This crime-predicting robot aims to patrol our streets by 2015
Dec 6, 2013
A scene in the 2004 film “I, Robot” involves an army of rogue NS-5 humanoids establishing a curfew and imprisoning the citizens of Chicago, circa 2035, inside their homes. That’s not how Knightscope envisions the coming day of deputized bots.
In its far less frightful future, friendly R2-D2 lookalikes patrol our streets, school hallways, and company campuses to keep us safe and put real-time data to good use. Instead of the Asimov-inspired NS-5, Knightscope, a Silicon Valley-based robotics company, is developing the K5.
Officially dubbed the K5 Autonomous Data Machine, the 300-pound, 5-foot-tall mobile robot will be equipped with nighttime video cameras, thermal imaging capabilities, and license plate recognition skills. It will be able to function autonomously for select operations, but more significantly, its software will provide crime prediction that’s reminiscent, the company claims, of the “precog” plot point of “Minority Report.”
“It can see, hear, feel, and smell and it will roam around autonomously 24/7,” said CEO William Santana Li, a former Ford Motor executive, in an interview with CNET.
At the moment, the K5 is only a prototype, and Knightscope next year will launch a beta program with select partners. But the company is shooting to have the K5 fully deployed by 2015 on a machine-as-a-service business model, meaning clients would pay by the hour for a monthly bill, based on 40-hour weeks, of $1,000. The hourly rate of $6.25 means the cost of the K5 would be competitive with the wages of many a low-wage human security guard.
Servicing and monitoring of the bots will depend on client needs, Li said, with either Knightscope or the customer employing someone to manage the bots full-time.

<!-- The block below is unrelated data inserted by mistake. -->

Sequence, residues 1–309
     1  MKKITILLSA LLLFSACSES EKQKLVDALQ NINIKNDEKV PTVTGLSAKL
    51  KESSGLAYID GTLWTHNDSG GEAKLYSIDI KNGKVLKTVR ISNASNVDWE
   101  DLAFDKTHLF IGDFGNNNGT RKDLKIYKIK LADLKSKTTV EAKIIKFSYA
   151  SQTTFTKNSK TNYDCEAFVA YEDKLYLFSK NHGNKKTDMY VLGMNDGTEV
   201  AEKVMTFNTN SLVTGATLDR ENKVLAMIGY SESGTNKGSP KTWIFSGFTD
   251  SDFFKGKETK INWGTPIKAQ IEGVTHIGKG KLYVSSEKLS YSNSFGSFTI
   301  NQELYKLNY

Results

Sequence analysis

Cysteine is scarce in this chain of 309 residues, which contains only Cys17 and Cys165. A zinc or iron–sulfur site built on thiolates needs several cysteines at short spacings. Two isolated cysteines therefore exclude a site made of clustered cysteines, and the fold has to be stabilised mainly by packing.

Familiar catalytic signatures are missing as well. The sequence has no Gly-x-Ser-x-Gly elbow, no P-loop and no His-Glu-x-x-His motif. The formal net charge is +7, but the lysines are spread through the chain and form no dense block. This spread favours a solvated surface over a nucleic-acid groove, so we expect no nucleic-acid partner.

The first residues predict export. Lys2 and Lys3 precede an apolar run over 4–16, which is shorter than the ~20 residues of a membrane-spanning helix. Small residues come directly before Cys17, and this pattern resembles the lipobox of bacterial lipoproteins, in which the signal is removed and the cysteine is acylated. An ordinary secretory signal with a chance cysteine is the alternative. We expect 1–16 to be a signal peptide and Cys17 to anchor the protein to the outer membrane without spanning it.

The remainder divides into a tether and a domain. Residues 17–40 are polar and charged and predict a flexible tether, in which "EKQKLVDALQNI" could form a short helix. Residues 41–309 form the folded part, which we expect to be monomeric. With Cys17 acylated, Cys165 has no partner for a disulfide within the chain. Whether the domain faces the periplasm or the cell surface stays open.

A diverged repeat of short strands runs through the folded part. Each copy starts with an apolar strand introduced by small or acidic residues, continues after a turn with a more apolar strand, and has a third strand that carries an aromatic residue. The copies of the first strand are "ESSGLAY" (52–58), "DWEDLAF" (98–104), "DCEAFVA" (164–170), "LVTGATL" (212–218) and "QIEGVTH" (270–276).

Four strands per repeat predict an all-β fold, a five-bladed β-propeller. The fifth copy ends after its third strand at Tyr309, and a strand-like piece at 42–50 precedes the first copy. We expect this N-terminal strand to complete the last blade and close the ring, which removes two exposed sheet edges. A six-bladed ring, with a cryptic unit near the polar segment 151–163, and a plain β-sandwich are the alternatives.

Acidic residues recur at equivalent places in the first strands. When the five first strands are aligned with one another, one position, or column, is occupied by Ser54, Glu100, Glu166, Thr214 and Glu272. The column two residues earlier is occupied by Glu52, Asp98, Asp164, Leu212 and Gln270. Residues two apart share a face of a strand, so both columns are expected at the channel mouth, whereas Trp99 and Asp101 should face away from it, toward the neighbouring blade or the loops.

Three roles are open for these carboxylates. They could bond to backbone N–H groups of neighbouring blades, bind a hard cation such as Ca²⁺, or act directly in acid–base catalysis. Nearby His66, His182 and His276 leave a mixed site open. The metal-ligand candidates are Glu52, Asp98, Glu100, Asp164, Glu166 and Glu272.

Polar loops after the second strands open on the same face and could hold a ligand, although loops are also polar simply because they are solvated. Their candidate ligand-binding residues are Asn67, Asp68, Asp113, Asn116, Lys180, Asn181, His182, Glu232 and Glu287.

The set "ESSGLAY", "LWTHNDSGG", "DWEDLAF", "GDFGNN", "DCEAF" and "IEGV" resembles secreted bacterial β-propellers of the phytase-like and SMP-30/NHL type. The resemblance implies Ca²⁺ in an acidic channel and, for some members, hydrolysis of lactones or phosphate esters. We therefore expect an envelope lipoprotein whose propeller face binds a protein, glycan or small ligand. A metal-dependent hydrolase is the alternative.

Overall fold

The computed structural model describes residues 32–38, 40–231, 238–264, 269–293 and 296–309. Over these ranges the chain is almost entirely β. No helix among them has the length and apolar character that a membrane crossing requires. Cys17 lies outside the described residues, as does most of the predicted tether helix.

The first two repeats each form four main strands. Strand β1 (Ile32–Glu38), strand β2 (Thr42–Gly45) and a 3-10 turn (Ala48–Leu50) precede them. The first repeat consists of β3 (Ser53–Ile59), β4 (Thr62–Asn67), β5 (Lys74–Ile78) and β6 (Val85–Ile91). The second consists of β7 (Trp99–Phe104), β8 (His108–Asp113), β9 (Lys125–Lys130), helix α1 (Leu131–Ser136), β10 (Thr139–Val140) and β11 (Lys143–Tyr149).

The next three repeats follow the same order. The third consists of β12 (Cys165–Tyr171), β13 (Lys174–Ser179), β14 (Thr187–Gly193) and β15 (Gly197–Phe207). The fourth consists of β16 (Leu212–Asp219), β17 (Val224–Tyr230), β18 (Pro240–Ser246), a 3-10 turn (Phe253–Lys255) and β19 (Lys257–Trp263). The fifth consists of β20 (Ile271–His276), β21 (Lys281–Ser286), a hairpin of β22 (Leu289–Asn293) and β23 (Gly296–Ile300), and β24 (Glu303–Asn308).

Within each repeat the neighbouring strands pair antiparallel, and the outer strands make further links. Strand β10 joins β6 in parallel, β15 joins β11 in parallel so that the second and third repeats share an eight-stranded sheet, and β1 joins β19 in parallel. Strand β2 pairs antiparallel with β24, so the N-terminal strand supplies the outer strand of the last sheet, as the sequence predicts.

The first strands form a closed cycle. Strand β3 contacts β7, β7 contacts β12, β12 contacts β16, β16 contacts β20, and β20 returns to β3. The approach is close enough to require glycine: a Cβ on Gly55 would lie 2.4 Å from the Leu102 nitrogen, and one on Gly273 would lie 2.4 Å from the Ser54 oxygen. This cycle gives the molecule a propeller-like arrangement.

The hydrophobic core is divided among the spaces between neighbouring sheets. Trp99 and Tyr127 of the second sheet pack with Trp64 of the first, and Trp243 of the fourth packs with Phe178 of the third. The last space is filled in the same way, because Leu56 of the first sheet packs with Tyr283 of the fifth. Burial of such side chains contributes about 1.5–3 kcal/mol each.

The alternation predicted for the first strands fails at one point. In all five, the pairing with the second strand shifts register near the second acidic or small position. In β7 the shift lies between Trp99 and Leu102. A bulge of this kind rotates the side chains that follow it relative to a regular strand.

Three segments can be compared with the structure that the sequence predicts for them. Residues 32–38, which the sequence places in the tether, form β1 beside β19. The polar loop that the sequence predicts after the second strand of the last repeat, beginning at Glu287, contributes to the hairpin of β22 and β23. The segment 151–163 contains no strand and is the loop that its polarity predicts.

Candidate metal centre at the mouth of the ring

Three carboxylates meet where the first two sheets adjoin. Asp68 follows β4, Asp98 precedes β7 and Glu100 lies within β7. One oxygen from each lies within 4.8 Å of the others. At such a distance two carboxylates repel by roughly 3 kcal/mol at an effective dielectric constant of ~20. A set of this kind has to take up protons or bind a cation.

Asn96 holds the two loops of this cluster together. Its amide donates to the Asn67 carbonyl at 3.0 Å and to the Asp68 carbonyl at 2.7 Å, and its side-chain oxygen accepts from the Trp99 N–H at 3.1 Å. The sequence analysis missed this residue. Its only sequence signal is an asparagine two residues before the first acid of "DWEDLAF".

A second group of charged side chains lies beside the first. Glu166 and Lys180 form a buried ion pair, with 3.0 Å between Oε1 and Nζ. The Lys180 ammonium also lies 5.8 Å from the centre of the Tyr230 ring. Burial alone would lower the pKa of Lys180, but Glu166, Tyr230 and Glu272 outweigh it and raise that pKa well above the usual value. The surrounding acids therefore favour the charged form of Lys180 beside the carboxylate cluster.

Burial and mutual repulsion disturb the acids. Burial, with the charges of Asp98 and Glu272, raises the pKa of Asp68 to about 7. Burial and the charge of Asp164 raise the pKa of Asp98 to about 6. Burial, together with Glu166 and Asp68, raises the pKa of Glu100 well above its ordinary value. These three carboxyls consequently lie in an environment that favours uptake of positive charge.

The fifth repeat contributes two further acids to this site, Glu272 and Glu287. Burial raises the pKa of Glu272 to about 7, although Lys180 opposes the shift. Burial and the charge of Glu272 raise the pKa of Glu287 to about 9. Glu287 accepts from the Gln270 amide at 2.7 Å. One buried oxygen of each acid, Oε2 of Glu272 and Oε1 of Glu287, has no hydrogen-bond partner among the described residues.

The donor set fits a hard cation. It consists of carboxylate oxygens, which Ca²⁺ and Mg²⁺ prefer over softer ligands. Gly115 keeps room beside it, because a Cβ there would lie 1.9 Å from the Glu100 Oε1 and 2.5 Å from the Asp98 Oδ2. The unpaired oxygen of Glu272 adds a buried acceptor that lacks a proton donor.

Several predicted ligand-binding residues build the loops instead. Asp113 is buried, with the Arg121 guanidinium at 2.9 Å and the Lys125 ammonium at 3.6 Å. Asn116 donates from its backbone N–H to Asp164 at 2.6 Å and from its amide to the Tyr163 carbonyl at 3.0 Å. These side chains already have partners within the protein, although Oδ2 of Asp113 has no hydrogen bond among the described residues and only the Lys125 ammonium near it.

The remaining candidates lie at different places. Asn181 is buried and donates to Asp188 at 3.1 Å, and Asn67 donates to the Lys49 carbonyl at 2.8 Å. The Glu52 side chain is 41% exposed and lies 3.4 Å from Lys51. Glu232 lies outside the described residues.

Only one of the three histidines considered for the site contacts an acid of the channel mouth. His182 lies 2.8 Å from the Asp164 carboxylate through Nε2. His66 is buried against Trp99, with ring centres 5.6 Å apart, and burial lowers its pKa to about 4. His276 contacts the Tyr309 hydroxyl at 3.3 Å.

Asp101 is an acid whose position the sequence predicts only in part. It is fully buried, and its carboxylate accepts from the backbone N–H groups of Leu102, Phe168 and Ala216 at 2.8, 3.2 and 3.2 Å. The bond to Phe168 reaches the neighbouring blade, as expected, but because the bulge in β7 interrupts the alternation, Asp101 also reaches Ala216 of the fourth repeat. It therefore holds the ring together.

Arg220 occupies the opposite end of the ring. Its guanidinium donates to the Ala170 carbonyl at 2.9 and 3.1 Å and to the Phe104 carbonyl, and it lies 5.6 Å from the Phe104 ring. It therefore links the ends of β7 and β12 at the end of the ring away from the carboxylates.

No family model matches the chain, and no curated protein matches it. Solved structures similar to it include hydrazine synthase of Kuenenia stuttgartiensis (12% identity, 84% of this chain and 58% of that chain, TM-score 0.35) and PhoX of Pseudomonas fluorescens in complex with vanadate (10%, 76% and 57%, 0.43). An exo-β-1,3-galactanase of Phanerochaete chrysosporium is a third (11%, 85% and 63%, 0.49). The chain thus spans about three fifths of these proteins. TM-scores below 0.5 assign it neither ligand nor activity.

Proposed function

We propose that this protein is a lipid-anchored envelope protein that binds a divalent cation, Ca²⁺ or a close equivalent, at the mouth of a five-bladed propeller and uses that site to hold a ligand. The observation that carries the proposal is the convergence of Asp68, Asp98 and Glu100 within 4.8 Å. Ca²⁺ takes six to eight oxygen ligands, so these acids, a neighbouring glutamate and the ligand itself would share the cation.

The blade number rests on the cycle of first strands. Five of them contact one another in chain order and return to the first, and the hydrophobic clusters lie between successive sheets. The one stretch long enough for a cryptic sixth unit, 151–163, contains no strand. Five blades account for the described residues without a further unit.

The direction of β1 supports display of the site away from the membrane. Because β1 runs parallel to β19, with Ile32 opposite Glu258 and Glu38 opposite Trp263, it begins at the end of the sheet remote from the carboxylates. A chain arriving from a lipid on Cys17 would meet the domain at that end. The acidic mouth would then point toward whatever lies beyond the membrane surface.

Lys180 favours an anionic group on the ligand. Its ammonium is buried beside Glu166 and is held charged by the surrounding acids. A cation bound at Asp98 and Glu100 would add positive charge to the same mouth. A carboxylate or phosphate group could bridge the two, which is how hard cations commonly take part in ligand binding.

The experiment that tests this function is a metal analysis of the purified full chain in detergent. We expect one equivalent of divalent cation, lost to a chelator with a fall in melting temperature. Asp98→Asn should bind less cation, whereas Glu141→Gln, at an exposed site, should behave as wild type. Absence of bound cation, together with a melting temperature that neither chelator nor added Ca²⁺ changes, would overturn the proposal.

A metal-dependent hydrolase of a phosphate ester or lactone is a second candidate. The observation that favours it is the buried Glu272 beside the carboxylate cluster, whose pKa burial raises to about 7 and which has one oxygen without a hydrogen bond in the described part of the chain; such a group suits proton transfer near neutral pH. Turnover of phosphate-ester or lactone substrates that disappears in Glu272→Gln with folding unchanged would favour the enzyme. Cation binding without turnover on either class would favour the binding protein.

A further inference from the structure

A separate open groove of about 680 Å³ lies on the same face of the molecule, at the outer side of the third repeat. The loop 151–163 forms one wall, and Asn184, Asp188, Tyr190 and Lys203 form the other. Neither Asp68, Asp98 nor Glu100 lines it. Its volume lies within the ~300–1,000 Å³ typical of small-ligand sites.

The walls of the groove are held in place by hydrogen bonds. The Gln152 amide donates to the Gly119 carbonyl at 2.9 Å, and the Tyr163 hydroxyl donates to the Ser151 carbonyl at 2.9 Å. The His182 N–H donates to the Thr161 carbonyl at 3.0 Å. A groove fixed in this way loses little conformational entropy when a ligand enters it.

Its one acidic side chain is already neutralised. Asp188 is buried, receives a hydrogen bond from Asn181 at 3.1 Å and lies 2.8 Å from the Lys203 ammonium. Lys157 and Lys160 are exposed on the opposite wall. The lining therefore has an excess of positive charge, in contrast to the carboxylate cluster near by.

Crime prediction is one of the more eye-popping features of the K5, but the bot is also packed to the gills with cutting-edge surveillance technology. It has LIDAR mapping — a technique using lasers to analyze reflected light — to aid its autonomous movement. “It takes in data from a 3D real-time map that it creates and combines that with differential GPS and some proximity sensors and does a probabilistic analysis to figure out exactly where it should be going on its own,” Li explained.
It also has behavioral analysis capabilities and enough camera, audio, and other sensor technology to pump out 90 terabytes of data a year per unit. Down the line, the K5 will be equipped with facial recognition and even the ability to sniff out emanations from chemical and biological weapons, as well as airborne pathogens. It will be able to travel up to 18 mph, and later models will include the ability to maneuver curbs and other terrain.
The K5 will not be armed. Still, teens with late-night bot-tipping ambitions had best beware, lest their hijinks be recorded for posterity, and possible prosecution. Li said that messing with a Knightscope bot — which would be difficult given its weight — will have serious ramifications, as would tampering with any other form of security equipment on private property.
Still, the most sci-fi of all its features, the crime prediction algorithms, do sound too good to be true. And to be more precise, the K5 won’t be so much predicting crime as much as it will be analyzing multiple data points simultaneously and knowing when a situation may be on the precipice of becoming dangerous.
“Predicting crime is being deployed today, but it’s unfortunately using a lot of historical data,” Li explained. “What doesn’t exist in that algorithm is real-time on-site data. So if you actually had data that was fresh, that was actually from the location you’re trying to analyze, it would make that algorithm much more robust.” Li noted that the main goal of the crime prediction algorithms and autonomous function is to be able to push out an alert early with that kind of data, as well as aid the K5 in knowing when to charge itself and what time of day or night is optimal for uploading and downloading data in a specific environment.
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